Mycobacterium bovis, often referred to as the bovine tubercle bacillus, is a member of the Mycobacterium tuberculosis complex, a group of organisms with the capacity to cause tuberculosis in humans. Most animals are potential reservoirs of infection. Cattle, in particular, are susceptible to infection and subsequent tuberculous lung disease caused by M. bovis.
An accurate historical assessment of the proportion of disease caused by M. bovis in humans is problematic. Studies undertaken in England and Wales in 1931, 1937, and 1941 estimated that around 6% of deaths due to all forms of tuberculosis were due to M. bovis infection. The current risk posed by M. bovis to human health in the UK is considered negligible. Prior to the introduction of effective controls through milk pasteurisation and tuberculin screening of herds to identify infected animals, M. bovis infection was much more common.
Between 1994 and 2011, 82.3% of the 570 human M. bovis cases with a recorded age that were reported to the HPA were aged 45 years and above. Only 18.4% of the 397 cases with a recorded country of birth were non-UK born. This suggests that the majority of the cases seen in the UK are attributable to reactivation of latent infection, probably acquired prior to more widespread implementation of controls, principally milk pasteurisation and meat inspection. Further epidemiological data can be found on the Tables and Figures page.
The prevalence of tuberculosis caused by M. bovis in developing countries is largely unknown due to the complexities and prohibitive cost in differentiating between mycobacterial species. The organism is known to be widely distributed and the zoonotic importance of M. bovis is potentially a serious public health problem, particularly in areas badly affected by the HIV pandemic and where effective controls through pasteurisation and the slaughter of infected animals are not applied.
During the 1930s, 40% of slaughtered cattle in England and Wales had obvious tuberculosis. Rates of disease have fallen dramatically since this time, with the incidence of TB in cattle herds at 4% in 2012. Despite large decreases in bovine tuberulosis during the 20th century, incidence has increased recently, from 1.4% in 1996 to 4% in 2012, with a peak at 5.6% in 2008*. The highest levels of tuberculosis in cattle occur in the West Midlands, South West England and Wales. Although there have been recent increases in cattle, the proportion of tuberculosis attributable to M. bovis in humans has remained stable at 0.5%, therefore current rate changes in cattle do not constitute a significant public health risk.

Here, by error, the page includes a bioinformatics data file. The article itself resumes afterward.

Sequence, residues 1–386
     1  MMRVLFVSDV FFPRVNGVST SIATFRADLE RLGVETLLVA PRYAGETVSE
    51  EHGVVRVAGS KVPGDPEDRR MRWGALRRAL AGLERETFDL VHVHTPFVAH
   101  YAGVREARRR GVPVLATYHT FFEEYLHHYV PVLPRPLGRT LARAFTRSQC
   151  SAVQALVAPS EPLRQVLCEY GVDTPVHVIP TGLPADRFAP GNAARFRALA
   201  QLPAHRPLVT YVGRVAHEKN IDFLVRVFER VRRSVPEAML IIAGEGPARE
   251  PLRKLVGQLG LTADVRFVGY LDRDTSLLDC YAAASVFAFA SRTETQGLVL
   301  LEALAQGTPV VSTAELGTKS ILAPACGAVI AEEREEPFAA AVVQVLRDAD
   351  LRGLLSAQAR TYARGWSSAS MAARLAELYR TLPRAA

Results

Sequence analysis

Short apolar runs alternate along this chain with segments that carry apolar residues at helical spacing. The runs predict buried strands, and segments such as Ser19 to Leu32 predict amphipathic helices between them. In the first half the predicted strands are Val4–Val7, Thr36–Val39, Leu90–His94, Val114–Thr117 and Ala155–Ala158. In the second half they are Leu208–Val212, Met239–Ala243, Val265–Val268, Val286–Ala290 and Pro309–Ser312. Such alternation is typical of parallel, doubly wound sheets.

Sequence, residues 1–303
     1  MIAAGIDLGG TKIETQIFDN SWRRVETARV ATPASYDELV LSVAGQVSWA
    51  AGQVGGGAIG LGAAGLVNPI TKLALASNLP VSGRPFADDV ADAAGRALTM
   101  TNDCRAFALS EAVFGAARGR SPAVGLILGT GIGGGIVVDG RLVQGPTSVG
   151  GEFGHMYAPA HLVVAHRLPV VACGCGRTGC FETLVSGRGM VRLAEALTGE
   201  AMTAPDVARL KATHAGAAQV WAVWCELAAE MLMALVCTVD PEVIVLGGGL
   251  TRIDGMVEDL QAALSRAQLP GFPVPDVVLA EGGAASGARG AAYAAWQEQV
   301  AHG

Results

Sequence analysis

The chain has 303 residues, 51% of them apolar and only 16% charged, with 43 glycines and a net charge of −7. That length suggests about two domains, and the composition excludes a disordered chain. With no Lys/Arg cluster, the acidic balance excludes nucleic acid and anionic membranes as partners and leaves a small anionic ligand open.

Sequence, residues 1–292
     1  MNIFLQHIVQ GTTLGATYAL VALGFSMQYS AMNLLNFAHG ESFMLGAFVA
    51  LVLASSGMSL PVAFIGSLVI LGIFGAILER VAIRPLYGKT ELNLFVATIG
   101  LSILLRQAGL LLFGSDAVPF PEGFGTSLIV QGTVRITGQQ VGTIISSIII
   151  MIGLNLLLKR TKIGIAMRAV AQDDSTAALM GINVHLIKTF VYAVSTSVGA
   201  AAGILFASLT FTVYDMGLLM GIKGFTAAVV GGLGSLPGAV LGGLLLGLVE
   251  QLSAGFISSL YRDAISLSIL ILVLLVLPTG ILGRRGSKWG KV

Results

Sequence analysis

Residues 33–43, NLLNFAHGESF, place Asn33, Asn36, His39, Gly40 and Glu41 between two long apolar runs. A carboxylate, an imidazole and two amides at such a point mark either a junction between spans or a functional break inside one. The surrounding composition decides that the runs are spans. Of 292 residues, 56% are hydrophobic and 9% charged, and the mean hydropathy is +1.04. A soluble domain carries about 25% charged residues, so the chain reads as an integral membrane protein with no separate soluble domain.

Transmission of M. bovis can occur between animals, from animals to humans and vice versa and rarely, between humans. As with M. tuberculosis, transmission is most commonly by the aerosol route but also through the ingestion of milk and meat from infected animals. The link between drinking milk from diseased cows and the development of scrofula, cervical lymph node tuberculosis, was established mid-19th century when more than half of all cervical lymphadenitis cases in children were caused by M. bovis. Infection acquired through ingesting M. bovis is more likely to result in non-pulmonary forms of disease.
Cycle of Mycobacterium bovis transmission between cattle and humans.
The thickness of the arrows suggests probability. Adapted from Collins and Grange (1987).
It is not possible to clinically differentiate between TB caused by M. bovis and that caused by M. tuberculosis. The course and extent of the disease is the same, as is the treatment in most cases. Standard anti-tuberculosis therapy is effective against TB caused by M. bovis, however, the organism is inherently resistant to the drug pyrazinamide which is therefore omitted once M. bovis has been identified and its drug susceptibility is known. In cases where there is extensive lymph involvement or damage or obstruction to other tissues, surgery is often indicated. Like M. tuberculosis, M. bovis too has the capacity to acquire drug resistance and ensuring that patients are able take a full course of treatment is similarly essential.
Recent studies have demonstrated M. bovis infection to be endemic in some wildlife species in the UK. Infection in the badger population, particularly, is self-maintaining and represents a significant obstacle to the eradication of M. bovis from domestic cattle herds. Controlling transmission between cattle and badgers has traditionally involved culling of local badger populations. This issue remains highly contentious. While the argument that there is an epidemiological link between M. bovis disease in the two species is compelling, there is no consensus on what would constitute an effective and humane programme of control. Further information on initiatives to control the reservoir of M. bovis in the badger population can be found on the Department for Environment Food and Rural Affairs (DEFRA) website (see links below).
DEFRA: Animal health & welfare - TB in cattle [external link]
*More frequent testing of cattle for tuberculosis occurs in endemic areas. This is likely to inflate the incidence rates, so figures should be interpreted with caution.
Last reviewed: 4 January 2013